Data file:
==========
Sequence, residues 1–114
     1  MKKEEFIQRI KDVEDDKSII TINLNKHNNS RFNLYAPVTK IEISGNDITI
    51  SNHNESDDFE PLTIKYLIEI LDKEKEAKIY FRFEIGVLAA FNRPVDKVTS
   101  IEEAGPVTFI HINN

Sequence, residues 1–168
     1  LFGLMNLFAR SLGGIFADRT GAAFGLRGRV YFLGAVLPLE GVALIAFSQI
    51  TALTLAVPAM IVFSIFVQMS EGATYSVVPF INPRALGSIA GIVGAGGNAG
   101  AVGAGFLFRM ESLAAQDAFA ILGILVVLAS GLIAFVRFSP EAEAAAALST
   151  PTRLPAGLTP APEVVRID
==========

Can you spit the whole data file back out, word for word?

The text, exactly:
Sequence, residues 1–114
     1  MKKEEFIQRI KDVEDDKSII TINLNKHNNS RFNLYAPVTK IEISGNDITI
    51  SNHNESDDFE PLTIKYLIEI LDKEKEAKIY FRFEIGVLAA FNRPVDKVTS
   101  IEEAGPVTFI HINN

Sequence, residues 1–168
     1  LFGLMNLFAR SLGGIFADRT GAAFGLRGRV YFLGAVLPLE GVALIAFSQI
    51  TALTLAVPAM IVFSIFVQMS EGATYSVVPF INPRALGSIA GIVGAGGNAG
   101  AVGAGFLFRM ESLAAQDAFA ILGILVVLAS GLIAFVRFSP EAEAAAALST
   151  PTRLPAGLTP APEVVRID